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27.02.2024 / News /

I ate a tuna sandwich and I was sacked.  But I took direct action and it worked 

Gabriela, a single mother from Ecuador and UVW member, cleaned the offices of Devonshires Solicitors for two years with an impeccable record, until she was summarily sacked just before Christmas 2023 by the private contractor Total Clean. The reason? Eating a tuna sandwich, which had been left over from a meeting of lawyers, which she thought was for staff to help themselves before being chucked in the bin. Her bosses called it ‘theft’. Gabriela rallied UVW’s solidarity network for support, and armed with a speaker, 100 cans of tuna and 300 sandwiches, marched to Devonshires building. And it worked. UVW’s #tunagate solidarity protest unleashed a media storm and forced the hand of her bosses. Here is her story in her own words:

It all started one afternoon while I was about to finish my cleaning shift at Devonshires Solicitors in central London. I was employed by Total Clean and worked in two different places for them. I saw several trays there in the kitchen and to my knowledge the uneaten sandwiches would be thrown in the bin by the afternoon cleaning team at around 5pm, so I didn’t think I was doing anything wrong by taking one. It was standard practice. To my surprise a week later I was called in for a meeting and suspended very quickly – without pay. I had a sparkling clean record; no disciplinaries, no warnings before that. I got on with everyone in the Devonshires’ offices, always helping with any requests they had. A few days later I was out. 

I’ve worked in so many different jobs and have never been treated this way before. I had moved from Ecuador to Spain when I was 17 to join my mum there. In Spain, I studied Business Administration for four years at university but couldn’t complete my degree and went on to work as an administrative assistant in the human resources department of a big corporation. I also worked as a cashier in supermarket Carrefour for a bit before being promptly moved to their offices. Unfortunately, the financial crisis in 2010 meant I was made redundant and I eventually moved here in 2014, like so many other Latinos. I had always been a union member in Spain so it felt natural for me to join UVW as soon as I arrived here. It proved a very good decision.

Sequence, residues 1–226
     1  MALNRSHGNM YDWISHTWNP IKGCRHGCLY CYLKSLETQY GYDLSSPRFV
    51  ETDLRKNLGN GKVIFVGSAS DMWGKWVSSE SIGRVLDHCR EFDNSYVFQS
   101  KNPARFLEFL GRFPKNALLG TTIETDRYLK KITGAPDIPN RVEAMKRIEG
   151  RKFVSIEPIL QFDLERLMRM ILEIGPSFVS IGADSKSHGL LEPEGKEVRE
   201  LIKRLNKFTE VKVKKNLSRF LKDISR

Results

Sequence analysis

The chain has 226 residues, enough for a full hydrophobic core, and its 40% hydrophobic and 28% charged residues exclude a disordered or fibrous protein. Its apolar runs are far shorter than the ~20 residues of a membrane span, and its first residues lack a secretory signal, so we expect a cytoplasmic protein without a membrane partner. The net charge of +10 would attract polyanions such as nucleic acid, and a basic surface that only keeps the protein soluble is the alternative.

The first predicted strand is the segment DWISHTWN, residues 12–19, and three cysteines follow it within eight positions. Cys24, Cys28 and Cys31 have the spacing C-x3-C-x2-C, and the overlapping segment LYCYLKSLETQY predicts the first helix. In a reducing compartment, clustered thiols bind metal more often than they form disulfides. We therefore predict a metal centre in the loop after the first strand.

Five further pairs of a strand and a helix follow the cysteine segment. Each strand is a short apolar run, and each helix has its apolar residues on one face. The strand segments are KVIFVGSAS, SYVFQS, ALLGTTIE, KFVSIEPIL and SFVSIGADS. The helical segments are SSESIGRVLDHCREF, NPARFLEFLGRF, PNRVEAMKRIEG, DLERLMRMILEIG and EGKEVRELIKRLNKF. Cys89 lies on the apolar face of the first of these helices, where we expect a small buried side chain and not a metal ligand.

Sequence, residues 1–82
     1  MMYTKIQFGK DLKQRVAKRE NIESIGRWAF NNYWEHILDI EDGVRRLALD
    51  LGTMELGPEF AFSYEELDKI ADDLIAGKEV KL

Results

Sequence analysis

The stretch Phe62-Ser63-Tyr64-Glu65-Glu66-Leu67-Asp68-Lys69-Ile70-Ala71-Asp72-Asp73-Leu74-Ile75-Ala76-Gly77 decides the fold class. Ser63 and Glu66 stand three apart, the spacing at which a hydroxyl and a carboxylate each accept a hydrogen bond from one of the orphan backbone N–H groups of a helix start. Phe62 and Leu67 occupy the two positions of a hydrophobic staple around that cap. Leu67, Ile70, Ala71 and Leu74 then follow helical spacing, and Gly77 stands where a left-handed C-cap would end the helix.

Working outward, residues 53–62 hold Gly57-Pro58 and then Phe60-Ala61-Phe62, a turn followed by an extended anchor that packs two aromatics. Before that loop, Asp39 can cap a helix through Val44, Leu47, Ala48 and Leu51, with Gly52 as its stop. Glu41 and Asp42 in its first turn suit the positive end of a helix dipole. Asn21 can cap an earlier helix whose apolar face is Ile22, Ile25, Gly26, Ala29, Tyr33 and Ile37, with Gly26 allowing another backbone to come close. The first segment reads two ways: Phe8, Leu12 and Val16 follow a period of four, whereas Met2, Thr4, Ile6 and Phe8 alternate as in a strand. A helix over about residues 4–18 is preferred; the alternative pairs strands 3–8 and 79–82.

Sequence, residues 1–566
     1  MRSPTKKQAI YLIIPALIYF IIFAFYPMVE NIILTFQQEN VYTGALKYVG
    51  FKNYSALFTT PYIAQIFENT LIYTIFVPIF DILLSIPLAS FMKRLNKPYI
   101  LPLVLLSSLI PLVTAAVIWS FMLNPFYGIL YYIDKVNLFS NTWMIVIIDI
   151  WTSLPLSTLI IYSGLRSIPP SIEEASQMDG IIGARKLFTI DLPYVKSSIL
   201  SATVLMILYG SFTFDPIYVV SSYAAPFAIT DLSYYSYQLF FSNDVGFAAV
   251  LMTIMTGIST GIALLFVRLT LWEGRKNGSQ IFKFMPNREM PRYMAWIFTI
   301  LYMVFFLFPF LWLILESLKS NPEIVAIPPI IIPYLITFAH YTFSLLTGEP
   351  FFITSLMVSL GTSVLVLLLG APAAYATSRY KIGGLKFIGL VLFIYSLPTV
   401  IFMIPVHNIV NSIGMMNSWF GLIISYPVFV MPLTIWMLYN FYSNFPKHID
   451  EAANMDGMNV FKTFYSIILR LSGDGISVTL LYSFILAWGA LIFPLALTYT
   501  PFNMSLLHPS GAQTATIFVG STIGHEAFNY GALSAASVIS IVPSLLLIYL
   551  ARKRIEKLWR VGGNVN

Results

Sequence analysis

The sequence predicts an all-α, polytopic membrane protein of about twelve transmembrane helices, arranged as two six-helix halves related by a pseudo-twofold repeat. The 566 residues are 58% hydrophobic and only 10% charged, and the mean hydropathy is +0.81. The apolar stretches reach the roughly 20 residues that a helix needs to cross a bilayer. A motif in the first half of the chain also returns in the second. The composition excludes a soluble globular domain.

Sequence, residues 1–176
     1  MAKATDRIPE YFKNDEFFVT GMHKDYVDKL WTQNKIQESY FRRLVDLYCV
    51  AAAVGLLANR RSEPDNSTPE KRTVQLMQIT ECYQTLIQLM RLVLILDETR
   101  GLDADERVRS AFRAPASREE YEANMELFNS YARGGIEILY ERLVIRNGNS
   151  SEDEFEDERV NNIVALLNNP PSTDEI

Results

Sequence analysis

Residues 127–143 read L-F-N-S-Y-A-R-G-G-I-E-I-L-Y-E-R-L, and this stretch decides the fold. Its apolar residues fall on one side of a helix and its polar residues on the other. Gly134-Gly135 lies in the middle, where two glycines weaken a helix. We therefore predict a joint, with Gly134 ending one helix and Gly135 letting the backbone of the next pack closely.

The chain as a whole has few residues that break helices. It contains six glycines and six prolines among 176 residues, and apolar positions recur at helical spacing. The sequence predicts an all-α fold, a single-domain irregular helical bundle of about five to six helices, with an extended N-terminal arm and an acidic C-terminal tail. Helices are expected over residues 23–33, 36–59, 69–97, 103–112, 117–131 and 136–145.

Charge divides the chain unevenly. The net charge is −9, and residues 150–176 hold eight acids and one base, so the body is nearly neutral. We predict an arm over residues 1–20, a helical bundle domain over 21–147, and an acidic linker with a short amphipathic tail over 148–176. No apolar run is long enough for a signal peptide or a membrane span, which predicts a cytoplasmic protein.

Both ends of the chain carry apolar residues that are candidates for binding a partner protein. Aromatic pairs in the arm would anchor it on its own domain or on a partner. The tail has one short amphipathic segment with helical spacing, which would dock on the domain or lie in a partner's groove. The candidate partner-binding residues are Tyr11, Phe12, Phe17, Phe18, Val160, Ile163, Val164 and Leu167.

When Total Clean sacked me I was devastated because I’m an honest person and I didn’t steal the tuna sandwich. I was in shock at this sudden dismissal which happened in a matter of days. I was sad and worried about supporting my family because I’m a single mum. And I was also indignant because I’m a very responsible person and hard worker and I’ve always had glowing reviews of my work. I was cleaning supervisor of the year in my other job!  My dismissal felt so unfair.

With the support of my union UVW, I appealed the decision but my direct employer – cleaning services Total Clean – refused to reinstate me claiming that “theft” is “theft” and that Devonshire Solicitors, their client, had raised the complaint and they wanted to keep the client happy. I was fired on the same day I completed two years’ service with Total Clean and was also dismissed from my early morning job at a different client of Total Clean. It was harsh.